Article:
Renfrewshire Council

Council Leader calls on Scottish Government to protect listed buildings

Councillor Mark Macmillan, Leader of Renfrewshire Council, is calling on the Scottish Government to protect empty listed buildings by changing the rules on business rates and providing incentives for owners to bring them back into use.

Currently an owner doesn't have to pay business rates on a listed building if it's unoccupied.

Councillor Macmillan said, "The Scottish Government is reviewing the business rates system. I will be issuing an urgent invitation to the expert panel, that is conducting that review, to visit Paisley.

"Here in Renfrewshire we are rightly proud of our built heritage. Paisley has a higher proportion of listed buildings than anywhere else in Scotland except Edinburgh - there are 122 in the town centre alone. But that has its advantages and disadvantages.

"We are making full use of this heritage and it is a vital strand in our plans to regenerate both Paisley and Renfrewshire. We are also showing the way in terms of what can be achieved with empty listed buildings.

"The council, the Scottish Government and Historic Environment Scotland have jointly funded a £5million restoration of the Russell Institute. Formerly owned by the NHS, the Russell Institute is one of Paisley's most distinctive buildings.

"In spring 2017, Skills Development Scotland will become the anchor tenant when the building opens as a training and employability hub, bringing around 80 jobs into the town centre. Staff from the council's Invest in Renfrewshire programme - which tackles unemployment and boosts business - will also move in.

"Unfortunately, this positive outcome is not reflected in other listed buildings locally. Many of them are privately owned and have planning permission for redevelopment proposals but they sit empty year after year, becoming a target for vandals and progressively falling into decay.

"Many of the 76 vacant units in Paisley town centre have been empty for years and many are listed. The fabric of these buildings on the ground and upper floors is deteriorating. This has a damaging effect on the perception of these buildings, the town centre as a whole and the demand for these units. This is a situation which cannot be allowed to continue.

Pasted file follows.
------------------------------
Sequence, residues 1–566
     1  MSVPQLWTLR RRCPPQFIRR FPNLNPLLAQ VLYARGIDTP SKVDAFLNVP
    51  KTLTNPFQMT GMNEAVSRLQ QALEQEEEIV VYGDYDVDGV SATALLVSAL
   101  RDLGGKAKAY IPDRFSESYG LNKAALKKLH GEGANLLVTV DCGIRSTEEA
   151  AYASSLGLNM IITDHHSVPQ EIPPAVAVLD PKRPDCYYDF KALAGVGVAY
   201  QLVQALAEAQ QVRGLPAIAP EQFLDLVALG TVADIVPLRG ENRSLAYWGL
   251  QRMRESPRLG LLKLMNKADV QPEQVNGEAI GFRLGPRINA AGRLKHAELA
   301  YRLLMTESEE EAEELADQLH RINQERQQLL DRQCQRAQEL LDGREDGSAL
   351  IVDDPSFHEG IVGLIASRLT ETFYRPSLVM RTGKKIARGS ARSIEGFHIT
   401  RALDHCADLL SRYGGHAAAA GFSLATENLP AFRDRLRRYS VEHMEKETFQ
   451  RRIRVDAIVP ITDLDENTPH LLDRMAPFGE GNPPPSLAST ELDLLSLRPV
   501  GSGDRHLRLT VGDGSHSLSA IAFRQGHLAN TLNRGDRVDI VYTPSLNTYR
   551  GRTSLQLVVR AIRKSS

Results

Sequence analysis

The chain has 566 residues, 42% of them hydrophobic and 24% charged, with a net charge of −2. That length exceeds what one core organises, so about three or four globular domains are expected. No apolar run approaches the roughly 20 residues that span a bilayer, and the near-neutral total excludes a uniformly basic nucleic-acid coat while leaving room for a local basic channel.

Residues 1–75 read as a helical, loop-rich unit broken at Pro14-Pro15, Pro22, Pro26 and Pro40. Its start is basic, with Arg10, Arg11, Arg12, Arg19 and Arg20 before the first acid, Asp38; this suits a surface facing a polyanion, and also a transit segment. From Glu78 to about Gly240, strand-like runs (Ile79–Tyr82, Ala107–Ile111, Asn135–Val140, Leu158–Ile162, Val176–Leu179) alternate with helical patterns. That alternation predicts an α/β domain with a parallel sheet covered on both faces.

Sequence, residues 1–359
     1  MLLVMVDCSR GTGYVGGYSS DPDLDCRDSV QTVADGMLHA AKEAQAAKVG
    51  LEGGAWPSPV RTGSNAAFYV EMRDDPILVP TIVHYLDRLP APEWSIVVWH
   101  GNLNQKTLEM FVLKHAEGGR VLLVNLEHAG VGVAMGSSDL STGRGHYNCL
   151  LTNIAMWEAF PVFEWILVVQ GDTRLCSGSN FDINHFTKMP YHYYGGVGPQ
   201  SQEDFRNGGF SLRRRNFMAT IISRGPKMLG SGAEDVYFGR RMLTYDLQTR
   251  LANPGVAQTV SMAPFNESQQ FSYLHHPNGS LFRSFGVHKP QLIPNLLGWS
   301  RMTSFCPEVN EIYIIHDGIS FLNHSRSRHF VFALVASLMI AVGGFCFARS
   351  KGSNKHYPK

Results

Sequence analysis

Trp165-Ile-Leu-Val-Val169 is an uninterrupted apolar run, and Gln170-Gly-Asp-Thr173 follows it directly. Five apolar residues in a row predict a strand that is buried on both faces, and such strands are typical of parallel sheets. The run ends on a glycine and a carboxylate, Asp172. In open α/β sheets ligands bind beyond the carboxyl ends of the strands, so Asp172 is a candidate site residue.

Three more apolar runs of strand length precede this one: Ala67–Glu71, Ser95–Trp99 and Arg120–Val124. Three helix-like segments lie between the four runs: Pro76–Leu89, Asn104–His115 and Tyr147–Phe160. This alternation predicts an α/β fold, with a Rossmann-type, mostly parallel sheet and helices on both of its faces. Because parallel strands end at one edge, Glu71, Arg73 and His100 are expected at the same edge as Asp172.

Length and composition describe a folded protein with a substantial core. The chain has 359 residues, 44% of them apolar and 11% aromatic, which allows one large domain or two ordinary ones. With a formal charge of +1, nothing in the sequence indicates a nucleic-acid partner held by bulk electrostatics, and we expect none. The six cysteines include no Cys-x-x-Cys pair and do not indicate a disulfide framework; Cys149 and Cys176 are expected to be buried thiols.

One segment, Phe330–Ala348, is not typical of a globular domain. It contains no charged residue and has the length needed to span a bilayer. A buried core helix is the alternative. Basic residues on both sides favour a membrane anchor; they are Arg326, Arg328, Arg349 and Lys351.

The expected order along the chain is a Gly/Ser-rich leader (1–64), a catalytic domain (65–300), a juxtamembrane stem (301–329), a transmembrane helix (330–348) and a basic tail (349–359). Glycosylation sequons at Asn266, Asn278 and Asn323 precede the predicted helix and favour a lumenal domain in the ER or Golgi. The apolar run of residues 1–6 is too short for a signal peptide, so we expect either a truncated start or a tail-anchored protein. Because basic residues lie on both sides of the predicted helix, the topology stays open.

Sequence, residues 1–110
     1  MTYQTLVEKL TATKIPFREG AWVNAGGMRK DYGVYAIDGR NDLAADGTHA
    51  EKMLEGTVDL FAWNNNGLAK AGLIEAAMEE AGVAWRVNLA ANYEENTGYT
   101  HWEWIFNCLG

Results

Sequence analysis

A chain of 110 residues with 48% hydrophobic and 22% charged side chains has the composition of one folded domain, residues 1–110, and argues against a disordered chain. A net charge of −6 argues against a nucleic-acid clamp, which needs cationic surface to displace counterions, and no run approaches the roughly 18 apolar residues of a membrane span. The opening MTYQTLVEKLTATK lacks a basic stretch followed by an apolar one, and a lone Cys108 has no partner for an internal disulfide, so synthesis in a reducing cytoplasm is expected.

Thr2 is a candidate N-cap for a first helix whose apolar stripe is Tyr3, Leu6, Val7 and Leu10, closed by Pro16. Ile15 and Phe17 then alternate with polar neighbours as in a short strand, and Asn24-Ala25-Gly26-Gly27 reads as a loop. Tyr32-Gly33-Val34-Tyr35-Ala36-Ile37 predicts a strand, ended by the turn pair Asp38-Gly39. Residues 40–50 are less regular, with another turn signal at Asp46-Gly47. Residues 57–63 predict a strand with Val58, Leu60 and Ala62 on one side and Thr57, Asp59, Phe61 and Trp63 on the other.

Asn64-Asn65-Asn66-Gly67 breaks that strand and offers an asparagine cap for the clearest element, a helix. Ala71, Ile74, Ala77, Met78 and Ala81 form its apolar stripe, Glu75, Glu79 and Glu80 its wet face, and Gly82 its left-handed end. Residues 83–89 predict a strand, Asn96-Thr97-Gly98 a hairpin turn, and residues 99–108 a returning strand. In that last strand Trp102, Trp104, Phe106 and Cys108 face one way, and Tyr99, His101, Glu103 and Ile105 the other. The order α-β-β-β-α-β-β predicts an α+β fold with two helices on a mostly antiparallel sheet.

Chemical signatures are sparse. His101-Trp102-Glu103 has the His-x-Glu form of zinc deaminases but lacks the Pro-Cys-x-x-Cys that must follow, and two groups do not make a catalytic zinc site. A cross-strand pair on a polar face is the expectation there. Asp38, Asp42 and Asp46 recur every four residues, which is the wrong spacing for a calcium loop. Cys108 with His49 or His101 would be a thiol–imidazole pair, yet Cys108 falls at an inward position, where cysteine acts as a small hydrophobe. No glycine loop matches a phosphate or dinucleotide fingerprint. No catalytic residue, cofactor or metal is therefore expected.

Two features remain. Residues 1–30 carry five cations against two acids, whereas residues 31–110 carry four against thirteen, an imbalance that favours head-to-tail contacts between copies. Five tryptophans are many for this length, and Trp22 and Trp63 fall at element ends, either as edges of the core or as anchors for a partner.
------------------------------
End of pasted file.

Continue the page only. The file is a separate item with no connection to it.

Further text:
"I will be urging the Scottish Government to abolish the business rates exemption enjoyed by empty listed buildings - an exemption which was removed from empty industrial properties in April 2016. I will also be urging the Scottish Government to use Renfrewshire as a pilot local authority to test the impact of these proposals.

"We recognise that listed buildings are difficult and expensive to bring back into use and that owners need an incentive to act. That is why I am proposing a twin track approach. If owners have to pay business rates, then they will have a clear financial incentive to bring their empty buildings back into use.

"But owners can also be encouraged to invest in their properties by potentially offering them short-term relief on those business rates, possibly for the first six or 12 months of a new tenancy.

"The Scottish Government is currently reviewing the business rates system and we will be making our views clear and calling for prompt action."

The Scottish Government review is designed to help support business growth and long term investment and reflect changes in the retail and property market. The deadline for submissions is 7October. A report will be submitted to Ministers in July 2017.

The panel conducting the Business Rates review includes: former RBS executive, Ken Barclay, Nora Senior, Regional Chairman Weber Shandwick, Isobel d'Inverno, from law firm Brodies and Prof Russel Griggs, chairman of the Scottish government's regulatory review group. Ms Senior is also chairman of Scottish Chambers of Commerce.

Commercial properties don't have to pay business rates for the first three months that they are empty. After that they have to pay 90% of the business rates due. Empty industrial properties don't have to pay business rates for the first six months that they are empty. After that they have to pay 90% of the business rates due. Empty listed buildings don't have to pay business rates at all.

The Russell Institute was opened in 1927 and was gifted to Paisley Burgh by Miss Agnes Russell, who wanted it to be used as a child welfare clinic as a memorial to her two brothers.